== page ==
Investing in Urban Climate Resilience

DFID (2016)

The multi-donor Urban Climate Change Resilience Trust Fund aims to build resilience to the effects of climate change and reduce the vulnerability of the urban poor in 25 medium-sized cities in Asia. In addition to infrastructure investments, the trust fund provides grants that enable cities to prioritise actual resilience needs in their planning processes and service delivery. The partnership was initially founded by DFID, the Rockefeller Foundation and the ADB and has since welcomed USAID and SECO.

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The Paris Climate Package: A Basic Guide for Local and Subnational Governments

ICLEI (2016)

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City Resilience Toolkit: Response to Deadly Heat Waves and Preparing for Rising Temperatures

NRDC, CDKN and partners (2016)

Higher daily peak temperatures as well as longer and more intense heat waves are becoming increasingly frequent and extreme heat events already significantly impact India.This toolkit aims to prepare the city of Ahmedabad, India, for extreme heat events. Further, it offers a roadmap/how-to-manual to other interested cities and states that plan to adopt heat preparedness plans, identifying steps and best practices.

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Urbanising Thailand: Implications for Climate Vulnerability Assessments

Richard Friend, Chanisada Choosuk, Khanin Hutanuwatr, Yanyong Inmuong, Jawanit Kittitornkool, Bart Lambregts, Buapun Promphakping, Thongchai Roachanakanan, Poon Thiengburanathum, Pakamas Thinphanga and Santiparp Siriwattanaphaiboon; IIED (2016)

Summarising a series of studies, this report focuses on the dynamics of urbanisation and climate change risks as well as on the linkages between urbanisation, climate change and emerging patterns of urban poverty and vulnerability. This paper argues for a fundamental rethinking of urbanisation in Thailand. Current trajectories of urbanisation need to change; the future course needs to be based on a policy process founded on informed public dialogue.

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Decentralisation in West Africa: The Implications for Urban Climate Change Governance

Loan Diep, Diane Archer and Cheikh Gueye; IIED (2016)

Conducting a literature review, supported by two city case studies (Saint-Louis in Senegal and Bobo-Dioulasso in Burkina Faso), this paper looks at the linkages between decentralisation and urban climate governance. Decentralisation needs to progress further: confusion regarding overlapping roles and responsibilities between the central government and agencies acting at different levels need to be addressed and financing at the city scale remains a challenge.

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Making Strides on Community Adaptation in Canada: Final Report

ICLEI Canada (2016)

This was a project created to bridge the gap between planning and implementation by increasing the uptake of existing implementation-related resources. There is a growing implementation gap amongst Canadian municipalities. This final report gives seven recommendations and case study examples of accessible strategies designed to address common constraints to implementing adaptation actions.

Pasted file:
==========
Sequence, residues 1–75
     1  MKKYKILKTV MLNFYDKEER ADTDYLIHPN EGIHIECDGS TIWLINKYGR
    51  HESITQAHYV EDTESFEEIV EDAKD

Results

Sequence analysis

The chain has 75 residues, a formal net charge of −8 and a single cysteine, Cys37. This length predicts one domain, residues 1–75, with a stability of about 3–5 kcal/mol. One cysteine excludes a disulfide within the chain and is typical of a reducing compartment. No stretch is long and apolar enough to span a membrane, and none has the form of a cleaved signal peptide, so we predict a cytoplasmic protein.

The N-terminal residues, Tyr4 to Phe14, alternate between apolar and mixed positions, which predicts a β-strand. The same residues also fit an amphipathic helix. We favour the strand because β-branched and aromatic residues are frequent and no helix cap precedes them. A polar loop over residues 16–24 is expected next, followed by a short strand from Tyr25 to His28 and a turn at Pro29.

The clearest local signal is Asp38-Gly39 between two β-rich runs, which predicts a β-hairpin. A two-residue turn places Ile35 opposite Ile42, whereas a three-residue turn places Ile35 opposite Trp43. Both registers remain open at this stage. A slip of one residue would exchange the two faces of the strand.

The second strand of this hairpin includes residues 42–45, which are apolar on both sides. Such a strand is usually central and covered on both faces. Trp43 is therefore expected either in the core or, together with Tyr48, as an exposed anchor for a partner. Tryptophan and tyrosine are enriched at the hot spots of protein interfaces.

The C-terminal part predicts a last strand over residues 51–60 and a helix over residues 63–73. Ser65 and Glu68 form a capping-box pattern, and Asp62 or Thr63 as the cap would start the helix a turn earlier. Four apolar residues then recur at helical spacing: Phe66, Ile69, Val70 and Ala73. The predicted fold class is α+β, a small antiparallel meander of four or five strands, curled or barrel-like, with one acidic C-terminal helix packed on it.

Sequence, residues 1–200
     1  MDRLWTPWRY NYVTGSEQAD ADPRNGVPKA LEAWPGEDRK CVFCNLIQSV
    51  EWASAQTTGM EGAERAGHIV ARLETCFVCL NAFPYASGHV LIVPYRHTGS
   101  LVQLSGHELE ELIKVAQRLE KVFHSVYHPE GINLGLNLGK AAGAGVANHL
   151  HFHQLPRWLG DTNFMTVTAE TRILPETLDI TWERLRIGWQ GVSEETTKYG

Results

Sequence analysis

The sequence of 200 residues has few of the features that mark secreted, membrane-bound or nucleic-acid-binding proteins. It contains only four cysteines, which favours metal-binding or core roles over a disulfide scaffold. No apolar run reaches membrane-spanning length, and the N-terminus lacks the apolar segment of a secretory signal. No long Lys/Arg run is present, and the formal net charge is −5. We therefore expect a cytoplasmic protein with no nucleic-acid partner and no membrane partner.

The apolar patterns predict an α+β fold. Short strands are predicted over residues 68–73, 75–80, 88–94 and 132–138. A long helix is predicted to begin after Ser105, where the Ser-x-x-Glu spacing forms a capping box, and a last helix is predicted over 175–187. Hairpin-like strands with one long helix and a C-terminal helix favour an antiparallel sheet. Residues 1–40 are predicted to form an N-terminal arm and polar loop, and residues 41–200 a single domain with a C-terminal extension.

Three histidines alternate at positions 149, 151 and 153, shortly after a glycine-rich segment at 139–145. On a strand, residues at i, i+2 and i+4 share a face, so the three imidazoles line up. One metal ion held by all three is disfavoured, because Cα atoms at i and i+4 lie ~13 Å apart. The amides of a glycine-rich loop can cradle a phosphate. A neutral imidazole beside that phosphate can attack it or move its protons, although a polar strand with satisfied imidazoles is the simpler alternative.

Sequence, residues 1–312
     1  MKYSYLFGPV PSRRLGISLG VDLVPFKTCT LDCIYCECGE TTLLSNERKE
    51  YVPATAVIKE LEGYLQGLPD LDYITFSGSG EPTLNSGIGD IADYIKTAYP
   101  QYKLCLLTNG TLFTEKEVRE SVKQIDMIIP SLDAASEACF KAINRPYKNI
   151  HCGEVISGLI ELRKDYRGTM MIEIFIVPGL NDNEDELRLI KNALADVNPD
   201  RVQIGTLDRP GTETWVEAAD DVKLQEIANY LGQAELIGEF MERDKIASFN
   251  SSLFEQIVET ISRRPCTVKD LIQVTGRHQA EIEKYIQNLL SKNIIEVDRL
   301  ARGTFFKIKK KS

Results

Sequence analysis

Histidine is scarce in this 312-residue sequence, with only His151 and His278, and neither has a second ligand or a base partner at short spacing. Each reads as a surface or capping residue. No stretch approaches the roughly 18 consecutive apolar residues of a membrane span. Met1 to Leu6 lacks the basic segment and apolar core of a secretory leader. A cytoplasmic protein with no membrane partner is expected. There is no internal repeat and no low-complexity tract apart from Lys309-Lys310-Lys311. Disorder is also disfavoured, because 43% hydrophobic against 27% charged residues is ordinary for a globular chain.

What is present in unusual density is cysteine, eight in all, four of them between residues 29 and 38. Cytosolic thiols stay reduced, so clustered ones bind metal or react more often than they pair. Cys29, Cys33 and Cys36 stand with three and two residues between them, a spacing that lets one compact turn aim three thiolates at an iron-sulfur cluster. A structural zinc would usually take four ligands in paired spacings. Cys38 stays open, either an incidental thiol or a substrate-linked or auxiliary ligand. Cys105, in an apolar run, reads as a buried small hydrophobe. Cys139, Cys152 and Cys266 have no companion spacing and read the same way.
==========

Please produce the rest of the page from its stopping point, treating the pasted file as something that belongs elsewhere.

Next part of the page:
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Aligning Transnational Climate Action with International Climate Governance: The Road from Paris

Sander Chan, Clara Brandi, Steffen Bauer (2016)

Reflecting on the Paris outcome, this article discusses the role of non-State and subnational actors – especially on the road to the Paris climate change conference. It argues that the intergovernmental and transnational spheres of global climate governance could mutually reinforce each other by continuing mobilization efforts to engage non-State actors and by harnessing greater ambition, both from State and non-State actors.

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Measuring, Reporting, Verification (MRV) of Urban Low Emission Development

ICLEI (2016)

This handbook aims to guide the local government’s approach to effectively address climate change, with a strong focus on mitigation. Yet, it can also be used for integrated sustainable development, stimulating the local green economy, and many other topics, using climate action as an entry point.

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Climate Change Financing for Cities in Indonesia. Case Study: Kupang

Henriette Imelda, Torry Kuswardono, Fabby Tumiwa (2016)

This document discusses the need for financing to support both climate change mitigation and adaptation to extreme weather events in Kupang, Indonesia. It finds that four aspects define Indonesia’s readiness for effective climate finance: planning capacity, accessing finance, good financial governance, and private sector engagement. This document is an output from a project commissioned through the Climate and Development Knowledge Network (CDKN).

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Financing Urban Adaptation to Climate Change

European Environment Agency (EEA) Report No. 2 (2017)

Municipalities across Europe increasingly acknowledge the need to adapt to climate change and have begun to adopt various measures. Meeting the costs of adaptation measures for climate change is, however, a major challenge. Municipalities have found innovative ways to overcome that challenge and have started implementing measures. These solutions could be relevant for other cities, towns and smaller municipalities too, and examples are collected and presented in this publication as an inspiration. It offers insights into lessons learned on the ground regarding the most successful approaches, the difficulties encountered and overcome and the key success factors in financing local adaptation action.

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